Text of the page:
The first complete edition of Peter Pernin’s legendary survivor’s account of the Great Peshtigo, Wisconsin Fire of 1871, fundamental evidence for the deadliest wildfire in American history: original French text, fresh and readable English translation, and introduction and commentary that locate the work in its social, political, and religious context. Since its first bilingual publication in Montreal in 1874, the memoir has been known to its many readers, among them even wildfire professionals and writers on forest ecology, only in partial reprintings of an inadequate translation. Pernin’s life story (1822-1909), that of a French missionary priest in America, emerges here for the first time from archival sources. His memoir emerges as a considerable work of North American francophone literature whose style reflects both the humane Classical studies and amateur science of a mid-19th century French Collège and the grim humor of Wisconsin lumberjack culture.
Intended overall as a work of popular theology and theodicy, the work offers more than a gripping survival memoir. Pernin’s assimilation as an American went so far as a Catholic priest’s enthusiastically amplifying his Catholic understanding of natural disaster with Calvinist theology. It is therefore an important document of French missionary experience in a multi-religious America. In the French Belgian community of the Door peninsula east of Green Bay, Pernin had pastored Adèle Brice (1831-1896), the Marian visionary who had been inspired to establish there a religious community and school. Pernin risked his diocesan standing to argue that the 1871 wildfires had miraculously passed over Brice’s community to vindicate the truth of her visions. The memoir is the first published source for those events and therefore, together with other relevant materials published here in an appendix, a document essential to a critical history of the 1859 Robinsonville Mariophany, declared “worthy of belief” by the bishop of Green Bay in December 2010, the first in the United States so declared.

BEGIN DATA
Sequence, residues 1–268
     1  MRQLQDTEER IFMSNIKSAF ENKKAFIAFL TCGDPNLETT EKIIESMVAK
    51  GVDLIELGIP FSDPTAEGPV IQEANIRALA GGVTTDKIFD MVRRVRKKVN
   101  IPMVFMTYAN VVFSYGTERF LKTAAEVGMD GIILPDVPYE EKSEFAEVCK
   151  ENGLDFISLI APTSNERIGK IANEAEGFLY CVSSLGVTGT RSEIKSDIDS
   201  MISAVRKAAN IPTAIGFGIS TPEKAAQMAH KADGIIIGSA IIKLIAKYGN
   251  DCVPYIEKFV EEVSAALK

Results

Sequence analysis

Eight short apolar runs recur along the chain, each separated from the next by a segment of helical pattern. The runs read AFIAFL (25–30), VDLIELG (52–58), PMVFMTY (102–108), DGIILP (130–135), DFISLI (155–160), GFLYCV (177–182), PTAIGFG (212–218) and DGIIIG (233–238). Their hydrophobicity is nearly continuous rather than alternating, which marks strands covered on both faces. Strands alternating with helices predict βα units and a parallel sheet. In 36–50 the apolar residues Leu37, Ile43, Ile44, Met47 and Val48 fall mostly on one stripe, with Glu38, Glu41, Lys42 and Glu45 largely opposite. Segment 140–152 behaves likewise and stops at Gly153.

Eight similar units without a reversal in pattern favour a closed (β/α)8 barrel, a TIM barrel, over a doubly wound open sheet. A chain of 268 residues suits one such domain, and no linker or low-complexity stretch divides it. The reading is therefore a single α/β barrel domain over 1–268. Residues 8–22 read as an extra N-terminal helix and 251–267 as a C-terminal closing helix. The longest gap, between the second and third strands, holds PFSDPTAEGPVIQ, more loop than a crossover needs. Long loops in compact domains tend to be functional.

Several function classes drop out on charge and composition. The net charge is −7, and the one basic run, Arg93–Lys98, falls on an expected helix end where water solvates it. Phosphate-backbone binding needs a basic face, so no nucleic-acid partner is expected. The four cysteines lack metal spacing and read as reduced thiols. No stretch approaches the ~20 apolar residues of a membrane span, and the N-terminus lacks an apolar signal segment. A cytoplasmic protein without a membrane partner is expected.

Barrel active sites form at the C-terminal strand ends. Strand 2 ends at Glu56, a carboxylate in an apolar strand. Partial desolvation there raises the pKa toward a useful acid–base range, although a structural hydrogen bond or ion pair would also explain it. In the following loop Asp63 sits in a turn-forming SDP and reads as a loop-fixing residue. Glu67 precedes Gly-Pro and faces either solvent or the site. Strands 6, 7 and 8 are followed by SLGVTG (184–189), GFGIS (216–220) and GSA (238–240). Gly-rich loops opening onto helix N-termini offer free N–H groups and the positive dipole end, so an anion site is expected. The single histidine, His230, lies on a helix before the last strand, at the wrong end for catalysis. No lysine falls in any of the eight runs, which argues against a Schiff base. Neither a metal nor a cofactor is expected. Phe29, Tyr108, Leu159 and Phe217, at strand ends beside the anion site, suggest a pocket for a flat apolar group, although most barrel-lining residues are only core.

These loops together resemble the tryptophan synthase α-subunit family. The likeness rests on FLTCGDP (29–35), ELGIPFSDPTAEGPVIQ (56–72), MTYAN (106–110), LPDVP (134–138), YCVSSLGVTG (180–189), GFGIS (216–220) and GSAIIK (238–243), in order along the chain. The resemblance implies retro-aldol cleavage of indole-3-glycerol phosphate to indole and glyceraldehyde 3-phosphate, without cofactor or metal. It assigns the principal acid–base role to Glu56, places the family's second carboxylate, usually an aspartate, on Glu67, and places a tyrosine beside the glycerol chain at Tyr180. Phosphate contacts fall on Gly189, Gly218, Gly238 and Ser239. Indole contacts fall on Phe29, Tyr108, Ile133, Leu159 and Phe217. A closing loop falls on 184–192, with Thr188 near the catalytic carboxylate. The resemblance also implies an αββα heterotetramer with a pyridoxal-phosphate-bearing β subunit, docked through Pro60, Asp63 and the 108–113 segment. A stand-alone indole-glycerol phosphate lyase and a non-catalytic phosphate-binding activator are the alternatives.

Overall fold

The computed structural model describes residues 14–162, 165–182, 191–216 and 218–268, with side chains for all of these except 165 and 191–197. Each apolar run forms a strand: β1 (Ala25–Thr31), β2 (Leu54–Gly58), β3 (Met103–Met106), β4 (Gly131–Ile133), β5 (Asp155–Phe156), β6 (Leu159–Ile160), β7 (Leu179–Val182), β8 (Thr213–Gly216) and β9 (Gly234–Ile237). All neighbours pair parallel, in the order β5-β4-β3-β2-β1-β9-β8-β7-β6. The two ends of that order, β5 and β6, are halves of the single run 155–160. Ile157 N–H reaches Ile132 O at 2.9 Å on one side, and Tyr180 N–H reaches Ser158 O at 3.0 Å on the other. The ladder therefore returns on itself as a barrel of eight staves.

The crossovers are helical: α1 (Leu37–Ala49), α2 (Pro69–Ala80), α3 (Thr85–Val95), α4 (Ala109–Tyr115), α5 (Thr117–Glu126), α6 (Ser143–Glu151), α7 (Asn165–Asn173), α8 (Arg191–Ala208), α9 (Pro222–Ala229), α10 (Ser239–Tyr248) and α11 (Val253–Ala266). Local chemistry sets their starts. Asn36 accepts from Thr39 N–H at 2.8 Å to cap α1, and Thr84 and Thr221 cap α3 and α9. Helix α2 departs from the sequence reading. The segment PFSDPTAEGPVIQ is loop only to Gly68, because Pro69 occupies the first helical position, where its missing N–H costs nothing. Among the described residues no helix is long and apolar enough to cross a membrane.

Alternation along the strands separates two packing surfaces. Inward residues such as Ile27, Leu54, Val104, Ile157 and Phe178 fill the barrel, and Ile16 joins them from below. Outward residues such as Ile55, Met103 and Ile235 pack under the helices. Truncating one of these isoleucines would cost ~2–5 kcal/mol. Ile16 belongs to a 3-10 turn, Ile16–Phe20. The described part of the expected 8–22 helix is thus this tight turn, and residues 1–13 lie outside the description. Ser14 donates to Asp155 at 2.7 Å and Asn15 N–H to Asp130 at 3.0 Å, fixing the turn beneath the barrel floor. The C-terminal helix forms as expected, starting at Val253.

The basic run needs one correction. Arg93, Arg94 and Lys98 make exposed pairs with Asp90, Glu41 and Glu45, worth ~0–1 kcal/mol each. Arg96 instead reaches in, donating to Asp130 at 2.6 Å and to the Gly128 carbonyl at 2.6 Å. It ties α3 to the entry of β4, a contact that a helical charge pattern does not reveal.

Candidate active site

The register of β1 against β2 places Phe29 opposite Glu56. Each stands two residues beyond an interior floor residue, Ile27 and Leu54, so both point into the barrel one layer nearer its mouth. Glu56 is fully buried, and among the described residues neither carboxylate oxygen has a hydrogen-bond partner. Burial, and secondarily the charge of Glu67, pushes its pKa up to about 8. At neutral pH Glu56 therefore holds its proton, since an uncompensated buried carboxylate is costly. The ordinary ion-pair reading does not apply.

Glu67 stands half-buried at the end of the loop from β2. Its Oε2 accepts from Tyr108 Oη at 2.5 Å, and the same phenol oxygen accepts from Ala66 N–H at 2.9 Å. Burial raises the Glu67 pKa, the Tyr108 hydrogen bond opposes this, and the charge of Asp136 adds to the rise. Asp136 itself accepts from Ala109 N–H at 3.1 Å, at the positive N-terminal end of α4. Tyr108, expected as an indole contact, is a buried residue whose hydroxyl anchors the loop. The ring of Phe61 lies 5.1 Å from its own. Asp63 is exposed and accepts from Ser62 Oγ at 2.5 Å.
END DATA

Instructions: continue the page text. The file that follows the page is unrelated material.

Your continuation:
This edition of Pernin’s Doigt de Dieu is a must read for a critical understanding of Pernin’s evidence for the Great Peshtigo Fire as well as for those interested in French literature and culture in North America, American theological and religious history, nineteenth century American immigrant communities, missionary studies, Roman Catholic diocesan politics and ecclesiastica, and studies of visionaries and appearances of the Virgin Mary.
About the Author
Charles Mercier is professor of Classics at College of Humanities in Cheshire, Connecticut, the college seminary of the Legionaries of Christ, a Catholic religious congregation of pontifical right. He holds BA and PhD in Classics from Columbia University and has taught Classical and European Humanities and Greek and Latin language and literature at Columbia, City College of New York, Vassar College, University of Southern California, and Fairfield University. Charles has long cultivated an interest in performance of ancient Greek and Roman poetry and drama in both productions and academic publications. His journalism for Catholic news sources has communicated his interest in nineteenth century Catholic history and in the theological notion of purification of memory promoted by John Paul II and what it implies for Catholic humanities education. After a trip to Zambia in 2001 he produced a documentary short about the life of AIDS orphans in Lusaka and a CD compilation of songs by street kids with an accurate edition of their lyrics in Town Bemba and Nyanja. After a trip to Iraqi Kurdistan in 2016 he wrote on the Chaldean Catholic archdiocese of Erbil. He has translated previously, from Latin, Terence Brothers (1997). The new edition by TBR Books of Peter Pernin’s The Finger of God is There! began as family history: Charles is the great grandson of one of Pernin’s two nieces who accompanied him from France to Illinois in 1864.